Gas prices drive U.S. bargains
Retailers have dreamed up all kinds of promotions to pump up sales, writes CHRIS DOLMETSCH in New York.
As U.S. fuel costs rise to records, marketers of cars, travel and even golf equipment are offering deals on fuel to keep sales from flagging. Callaway Golf Co., the Carlsbad, California-based maker of Big Bertha drivers whose shares have fallen 31 percent this year, is giving away $100 of gasoline with the purchase of clubs costing as much as $529 each. Chrysler LLC in Auburn Hills, Michigan, is cap- ping buyers’ costs at $2.99 a gallon (about 78 cents Cdn a litre) on most vehicles. Expedia Inc. of Bellevue, Washington, is handing out $50 prepaid fuel cards when customers use the largest web travel agency to book at least three nights in a hotel.
“Gasoline prices are top of mind for the consumer,” said Callaway CEO George Fellows. “The campaign has hit a responsive chord in our customers and provides a significant incentive. We want people driving to the range and this will help them get there.”
With home prices at their lowest since September 2004 and unemployment at its highest since the following month, consumer confidence in June reached a 28-year low.
U.S. gasoline demand fell 3.8 per cent last week, a sign record pump prices are cutting into driving.
The average U.S. price for unleaded gasoline rose to about $4 per gallon this week, roughly $1.05 per litre.
The price is one-third higher than a year ago.
Marketers are taking the decline in consumer sentiment as an opportunity to use free fuel as bait, said Burt Flickinger, managing director at New York-based Strategic Resource Group.
“The last time we really saw anything like this was 35 years ago with the first big spike in oil in 1973 and 1974,” he said.
U.S. automobile sales dropped 8.4 per cent in the first five months of the year, according to Autodata Corp.
Suzuki Motor Corp. is offering “free gas for the summer” to get customers into showrooms. The Japanese automaker, whose shares have dropped 19 per cent this year, is giving buyers of any of seven models a prepaid Visa card good for about 4,800 kilometres worth of fuel per month for three months.
Chrysler, the third-largest U.S. automaker, is trying to reverse a 19.3-per-cent decline in U.S. sales in the first five months by capping gasoline costs at $2.99 a gallon for three years for buyers of most Chrysler, Dodge and Jeep vehicles. The offer, which was extended through July 7 from an original end date of June 2, covers regular, diesel or ethanol blends of fuel and is limited to about 20,000 kilometres annually.
While dealers offered their own promotions when gasoline prices spiked in the past, “this is the first really big push at this level,” said John Wolkonowicz, a senior analyst for North America at Global Insight Inc. in Lexington, Massachusetts.
The number of people visiting Chrysler dealers rose 25 per cent in May over April, but they may not be buying, according to Mr. Wolkonowicz.
“It’s making what looks like a risky purchase less risky for a while, but then the risk fully returns when the deal is over,” Mr. Wolkonowicz said. “And notice the other car companies didn’t rush to copy Chrysler.
“I suspect they did the analy- sis and concluded it wasn’t worth it.”
Toyota of Colchester, a dealer southeast of Hartford, Connecticut, in May stopped giving out $180 in gasoline for anyone buying a new or used vehicle after “zero response,” said general manager Al Duplice.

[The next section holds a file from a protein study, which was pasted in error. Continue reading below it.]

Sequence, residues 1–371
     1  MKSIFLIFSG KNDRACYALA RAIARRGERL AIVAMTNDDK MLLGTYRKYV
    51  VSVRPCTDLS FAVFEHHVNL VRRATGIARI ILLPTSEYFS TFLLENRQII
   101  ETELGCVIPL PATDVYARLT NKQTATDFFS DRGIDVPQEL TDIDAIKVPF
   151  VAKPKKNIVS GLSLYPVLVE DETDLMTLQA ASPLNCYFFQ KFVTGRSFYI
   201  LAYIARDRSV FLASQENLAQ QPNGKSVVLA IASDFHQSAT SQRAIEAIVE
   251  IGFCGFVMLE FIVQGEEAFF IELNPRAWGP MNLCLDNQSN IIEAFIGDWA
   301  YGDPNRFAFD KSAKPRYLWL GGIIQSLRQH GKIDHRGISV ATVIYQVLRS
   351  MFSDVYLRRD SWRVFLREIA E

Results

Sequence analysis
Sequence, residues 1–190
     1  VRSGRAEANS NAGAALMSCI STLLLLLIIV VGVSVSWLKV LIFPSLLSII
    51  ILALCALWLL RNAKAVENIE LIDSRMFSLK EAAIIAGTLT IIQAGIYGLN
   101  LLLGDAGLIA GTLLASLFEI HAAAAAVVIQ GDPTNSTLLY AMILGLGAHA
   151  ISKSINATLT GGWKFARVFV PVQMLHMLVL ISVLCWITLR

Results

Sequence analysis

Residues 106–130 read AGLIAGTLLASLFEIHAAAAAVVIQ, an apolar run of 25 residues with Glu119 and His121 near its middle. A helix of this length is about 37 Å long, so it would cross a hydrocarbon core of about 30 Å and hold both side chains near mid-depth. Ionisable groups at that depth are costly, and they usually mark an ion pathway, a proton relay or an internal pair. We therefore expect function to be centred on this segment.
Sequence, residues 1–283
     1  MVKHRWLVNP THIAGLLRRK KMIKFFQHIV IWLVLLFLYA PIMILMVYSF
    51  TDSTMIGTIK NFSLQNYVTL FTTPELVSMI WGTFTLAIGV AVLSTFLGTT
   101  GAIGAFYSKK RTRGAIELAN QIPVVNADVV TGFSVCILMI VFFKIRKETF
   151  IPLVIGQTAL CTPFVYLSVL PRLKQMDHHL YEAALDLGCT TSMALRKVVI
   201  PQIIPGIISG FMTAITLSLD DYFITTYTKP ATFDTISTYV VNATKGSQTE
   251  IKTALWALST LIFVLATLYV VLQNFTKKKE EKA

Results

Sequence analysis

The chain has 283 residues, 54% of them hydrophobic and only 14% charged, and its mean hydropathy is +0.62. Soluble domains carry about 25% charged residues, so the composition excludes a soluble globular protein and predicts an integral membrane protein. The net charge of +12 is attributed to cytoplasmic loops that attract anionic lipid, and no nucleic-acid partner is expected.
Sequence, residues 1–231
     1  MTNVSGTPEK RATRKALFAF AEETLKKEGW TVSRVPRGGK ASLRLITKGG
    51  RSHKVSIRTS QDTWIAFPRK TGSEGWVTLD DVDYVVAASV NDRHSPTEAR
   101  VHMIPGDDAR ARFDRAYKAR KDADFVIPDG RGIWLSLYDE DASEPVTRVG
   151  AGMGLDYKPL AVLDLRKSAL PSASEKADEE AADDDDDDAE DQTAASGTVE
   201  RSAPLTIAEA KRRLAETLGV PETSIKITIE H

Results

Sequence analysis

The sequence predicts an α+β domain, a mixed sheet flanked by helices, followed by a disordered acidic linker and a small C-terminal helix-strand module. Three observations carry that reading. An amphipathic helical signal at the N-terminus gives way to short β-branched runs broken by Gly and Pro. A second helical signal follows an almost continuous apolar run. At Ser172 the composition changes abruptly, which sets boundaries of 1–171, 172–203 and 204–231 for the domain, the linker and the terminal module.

“There’s other things that we do that have been very, very popular, but this has not been one of them,” he said.
“You have a strained economy and you’re just not going to sell things to people just because you’re giving them some gasoline.”
Supermarkets and drugstores are attempting to use free fuel as an incentive for smaller purchases.
Customers at H-E-B food stores in Texas get $5 in gasoline for every $25 spent on housebrand merchandise. Giant Eagle markets in Ohio, Maryland, Pennsylvania and West Virginia are providing a credit of up to $1 a gallon for shoppers who transfer a prescription or sign up for a store credit card. Rite Aid Corp., the third-biggest U.S. drugstore chain, is offering $30 in fuel as a bounty for moving prescriptions.
“Gasoline is just taking a bigger bite out of shoppers’ household budgets so they certainly are going to be more receptive to programs that ease the pain at the pump,” said Jennifer Halterman, a senior consultant with the Columbus, Ohio- based TNS Retail Forward market-research firm.
High gasoline prices are forcing some tourist attractions to subsidize visitors’ driving. Timber Bay Lodge, a Minnesota lakeside resort, is giving 20 gallons to anyone reserving a houseboat, costing up to $2,995 a week, by June 15.
The National Basketball Association’s New Jersey Nets are also turning to gasoline to attract fans amid declining attendance as the team prepares to move to Brooklyn in New York.
The Nets are offering fans a prepaid card worth 10 per cent of the price of a season ticket, costing as much as $350,000, if they buy or renew by the NBA Draft on June 26, spokesman Barry Baum said.
“Everyone feels the rising gas prices,” he said. “We felt this was a way to give back while also attracting new season ticketholders.”
Such gasoline-related deals are “here to stay,” even if the price of oil drops as much as 15 per cent, Mr. Flickinger said.
“Consumers can’t really control the price of their car payments and their mortgage payments and student loans,” Mr. Flickinger said.
“The only way consumers can really control their variable costs is on gas and groceries. Gas cards will be the most powerful promotional vehicle of any kind this year and during the rest of this decade.”